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Tips for choosing an investment property for student letting

Some points to consider when choosing a property for as a student let

  • Students ideally want to be within walking distance, short bus, train or cycle ride of their college and their friends so research the areas where students live close to the University and find out which roads to avoid and which locations are in demand.
  • Look at bus and train routes – is there a bus stop or train station near the property and does the route stop at or near the college?
  • Is there a good cycle path and is there somewhere secure to leave bicycles at the property?
  • Is the property within walking distance of the college, shops and other facilities?
  • A location with a good broad band connection is very desirable because many students down load a lot of data daily. Inside the property check you mobile phone signal, no student wants to be without a signal.
  • Young people like to have a communal socialising space so providing this will help you’re your property attractive. Look for a property that has the potential to provide this space.
  • Is there a minimum of one bathroom between three? If you are planning to have more than 3 students, a second toilet and wash hand basin is good idea. For five or more you really need to provide a second bathroom or shower room. Be imaginative with the property layout – can you achieve this without major building work?
  • Are the bedrooms big enough for a bed, desk and chair, wardrobe and chest of drawers? If there are to be 5 or more students for an HMO, 6.51 square metres is the minimum room size for adults. Take your own room measurements, the floor plan provided in the property details may not be accurate. If a room is a fraction under, is it possible to create a wardrobe by knocking through into another bedroom? The additional floor area of this wardrobe increases the floor area of the room that was just too small and this could give you he additional area you need to comply with HMO legislation. To maximise your investment you need to let as many rooms as you can without compromising on living space so room size and number of bedrooms can affects long term financial rewards.
  • Good clean carpets that can be washed, laminate or tiled flooring work well and are easy to maintain. If the property you purchase already has these, it will reduce your set up costs if all you must do is clean the flooring. If there are rugs, look underneath them, they could have been used to cover up a nasty stain or damaged floor.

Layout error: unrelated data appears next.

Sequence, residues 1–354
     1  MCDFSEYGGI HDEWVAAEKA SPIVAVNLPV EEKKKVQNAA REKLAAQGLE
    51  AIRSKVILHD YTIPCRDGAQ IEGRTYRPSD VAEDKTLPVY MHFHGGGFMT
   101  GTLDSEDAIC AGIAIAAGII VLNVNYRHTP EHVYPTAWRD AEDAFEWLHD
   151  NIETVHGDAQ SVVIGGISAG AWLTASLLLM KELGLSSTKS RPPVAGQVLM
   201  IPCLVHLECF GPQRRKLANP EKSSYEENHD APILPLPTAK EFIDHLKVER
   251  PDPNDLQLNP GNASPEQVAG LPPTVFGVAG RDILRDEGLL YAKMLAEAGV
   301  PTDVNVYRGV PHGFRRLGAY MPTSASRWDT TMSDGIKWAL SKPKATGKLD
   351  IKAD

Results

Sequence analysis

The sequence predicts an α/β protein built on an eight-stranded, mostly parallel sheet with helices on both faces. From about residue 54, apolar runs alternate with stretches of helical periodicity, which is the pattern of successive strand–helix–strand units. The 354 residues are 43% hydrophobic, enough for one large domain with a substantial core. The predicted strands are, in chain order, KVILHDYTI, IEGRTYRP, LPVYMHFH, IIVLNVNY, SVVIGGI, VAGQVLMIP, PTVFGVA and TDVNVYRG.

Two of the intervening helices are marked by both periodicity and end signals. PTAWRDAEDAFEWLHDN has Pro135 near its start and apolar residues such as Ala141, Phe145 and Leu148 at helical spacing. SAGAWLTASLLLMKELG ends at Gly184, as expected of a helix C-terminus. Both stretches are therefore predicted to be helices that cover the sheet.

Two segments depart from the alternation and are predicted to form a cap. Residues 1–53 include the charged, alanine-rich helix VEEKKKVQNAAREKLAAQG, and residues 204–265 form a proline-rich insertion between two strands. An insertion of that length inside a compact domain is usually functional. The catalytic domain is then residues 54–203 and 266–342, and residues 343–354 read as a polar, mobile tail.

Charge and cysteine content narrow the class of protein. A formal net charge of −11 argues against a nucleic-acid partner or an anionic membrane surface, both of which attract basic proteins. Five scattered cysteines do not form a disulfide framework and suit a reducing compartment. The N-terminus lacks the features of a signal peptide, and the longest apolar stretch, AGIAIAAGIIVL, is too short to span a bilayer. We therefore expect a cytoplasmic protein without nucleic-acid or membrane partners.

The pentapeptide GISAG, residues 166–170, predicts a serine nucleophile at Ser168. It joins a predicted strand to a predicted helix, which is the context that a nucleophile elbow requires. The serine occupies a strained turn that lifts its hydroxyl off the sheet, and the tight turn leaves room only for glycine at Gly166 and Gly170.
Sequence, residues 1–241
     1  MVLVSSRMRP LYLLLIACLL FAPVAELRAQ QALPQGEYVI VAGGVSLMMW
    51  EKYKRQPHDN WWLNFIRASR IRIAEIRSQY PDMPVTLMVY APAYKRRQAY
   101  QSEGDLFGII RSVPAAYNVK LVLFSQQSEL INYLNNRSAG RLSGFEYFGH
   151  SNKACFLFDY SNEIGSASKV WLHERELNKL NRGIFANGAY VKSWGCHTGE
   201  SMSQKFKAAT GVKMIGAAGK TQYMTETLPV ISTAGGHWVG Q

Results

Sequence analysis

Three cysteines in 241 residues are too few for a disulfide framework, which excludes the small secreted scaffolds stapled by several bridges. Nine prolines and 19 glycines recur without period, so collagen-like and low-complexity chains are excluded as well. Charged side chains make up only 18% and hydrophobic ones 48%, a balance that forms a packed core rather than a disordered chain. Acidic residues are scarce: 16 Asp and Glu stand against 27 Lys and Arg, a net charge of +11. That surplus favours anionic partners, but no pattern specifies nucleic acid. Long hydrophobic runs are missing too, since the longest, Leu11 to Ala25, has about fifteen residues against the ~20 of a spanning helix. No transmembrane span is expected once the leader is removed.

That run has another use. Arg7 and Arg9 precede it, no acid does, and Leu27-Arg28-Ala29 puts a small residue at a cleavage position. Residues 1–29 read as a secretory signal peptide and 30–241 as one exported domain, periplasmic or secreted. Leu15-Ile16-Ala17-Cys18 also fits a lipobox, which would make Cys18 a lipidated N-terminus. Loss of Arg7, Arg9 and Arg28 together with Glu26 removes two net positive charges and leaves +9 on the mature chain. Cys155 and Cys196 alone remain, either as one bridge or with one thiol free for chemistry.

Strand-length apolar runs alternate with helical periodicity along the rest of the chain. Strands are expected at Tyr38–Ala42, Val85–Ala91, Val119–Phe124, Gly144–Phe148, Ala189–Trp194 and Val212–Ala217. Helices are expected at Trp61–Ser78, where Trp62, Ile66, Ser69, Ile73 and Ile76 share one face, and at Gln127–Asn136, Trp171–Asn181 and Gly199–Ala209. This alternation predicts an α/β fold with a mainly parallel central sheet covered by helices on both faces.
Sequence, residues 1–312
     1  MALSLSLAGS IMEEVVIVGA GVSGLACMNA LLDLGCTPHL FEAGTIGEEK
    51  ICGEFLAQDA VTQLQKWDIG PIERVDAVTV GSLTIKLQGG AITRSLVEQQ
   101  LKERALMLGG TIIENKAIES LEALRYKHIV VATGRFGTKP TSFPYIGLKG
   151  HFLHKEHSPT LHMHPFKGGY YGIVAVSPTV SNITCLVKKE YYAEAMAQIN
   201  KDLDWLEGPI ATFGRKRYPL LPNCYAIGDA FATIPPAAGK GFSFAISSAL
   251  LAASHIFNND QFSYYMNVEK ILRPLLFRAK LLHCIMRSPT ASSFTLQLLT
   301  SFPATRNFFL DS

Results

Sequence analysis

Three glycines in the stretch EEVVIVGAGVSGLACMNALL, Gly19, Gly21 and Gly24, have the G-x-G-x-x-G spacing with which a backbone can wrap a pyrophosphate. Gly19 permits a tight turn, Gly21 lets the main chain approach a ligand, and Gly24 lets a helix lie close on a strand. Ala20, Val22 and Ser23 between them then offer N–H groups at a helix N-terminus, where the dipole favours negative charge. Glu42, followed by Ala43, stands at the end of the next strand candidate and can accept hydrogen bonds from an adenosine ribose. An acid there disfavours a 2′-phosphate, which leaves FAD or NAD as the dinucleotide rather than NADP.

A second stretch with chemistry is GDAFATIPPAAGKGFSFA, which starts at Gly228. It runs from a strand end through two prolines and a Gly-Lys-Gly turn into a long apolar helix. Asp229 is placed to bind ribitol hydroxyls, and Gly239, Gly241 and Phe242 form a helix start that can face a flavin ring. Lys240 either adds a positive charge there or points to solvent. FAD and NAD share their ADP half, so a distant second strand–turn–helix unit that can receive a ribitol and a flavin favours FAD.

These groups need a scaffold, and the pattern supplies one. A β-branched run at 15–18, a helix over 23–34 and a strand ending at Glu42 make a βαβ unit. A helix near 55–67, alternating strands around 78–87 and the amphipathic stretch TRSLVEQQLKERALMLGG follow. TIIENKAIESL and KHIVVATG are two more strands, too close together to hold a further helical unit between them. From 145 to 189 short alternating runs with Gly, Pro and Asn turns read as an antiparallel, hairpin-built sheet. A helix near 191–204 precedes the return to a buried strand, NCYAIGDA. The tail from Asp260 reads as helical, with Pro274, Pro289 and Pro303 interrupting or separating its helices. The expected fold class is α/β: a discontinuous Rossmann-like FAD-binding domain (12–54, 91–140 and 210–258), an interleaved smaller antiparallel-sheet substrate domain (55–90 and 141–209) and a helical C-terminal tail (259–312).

Houses for Students
Houses for Students

  • Most students expect the property to have a full range of white goods. Oven plus hob, microwave, large fridge, and washing machine are found in pretty much all student properties with the majority also having tumble driers and freezers. Does the property have enough potential space to house these or if it does not, can it be created? Is there enough kitchen storage and work top area for the number of tenants? Check out and make sure you comply.
  • Are the windows in good repair? Wooden windows will need repainting every few years, UPVC or aluminium frames do not. If the windows do not have trickle vents, install one in each window to help reduce condensation.
  • Inspect the plumbing and electrics – you can tell by looking at the fixtures and fittings if they look old and not well maintained. Turn lights on and off, see if the cooker works and It might be worth getting an electrical report done before you put in an offer peer under sinks to see if there are any leeks, turn on taps and find out how old the boiler is.
  • Does the house show signs of mould or damp that may indicate it could be a property that is difficult to ventilate? Does it smell damp? Is there peeling paper or loose plaster that could indicate a damp problem. Find damp? Ask a surveyor to have a look at it  they should be a le tell you if it is a problem or not.
  • Open doors and windows, cupboards and drawers and check they all work.
  • See if you can get in the loft. What is the access like? Are there any holes or dampness on the beams and is it insulated?
  • What is the condition of the walls? Are any covered in wood chip which is sometimes used to cover up poor plaster or old cracked plaster. Removing woodchip can be a time consuming job.
  • Go outside and look at the roof and guttering – are there missing tiles? Does the guttering look sound?
  • Remember the outside space. Small gardens that are just grass, or hard landscaped are the easiest and cheapest to maintain. Generally, students are not keen gardeners even if you do provide them with a lawnmower and a few garden tools. Rather than find a jungle at the end of the tenancy consider employing a gardener to mow the lawn every couple of weeks if you are not able to do this yourself. Borders could be grassed over or covered in matting and wood chip or gravel to prevent weeds, shrubs can be cut right back or removed. Keep it simple.
  • It is handy to have storage for bicycles otherwise they may end up in the house so an area under cover outside such as a garden shed is useful.
  • Be nosy – have a look at any neighbours that back on to you or share party wall or garden boundary. If their place is a mess it could mean there are problems in the future.

Simple properties which are easy to maintain and clean work best for tenants and landlords. Ask yourself – would I like to live here? Is this property going to be easy to look after? If the answer to either is ‘no’ then don’t buy it. If the answer is ‘yes’ go back and see the property at a different time of day, this can give you a different perspective on the area. If you are still interested add up all the costs of any repairs and coasts of preparing the property for let and work out your offer price.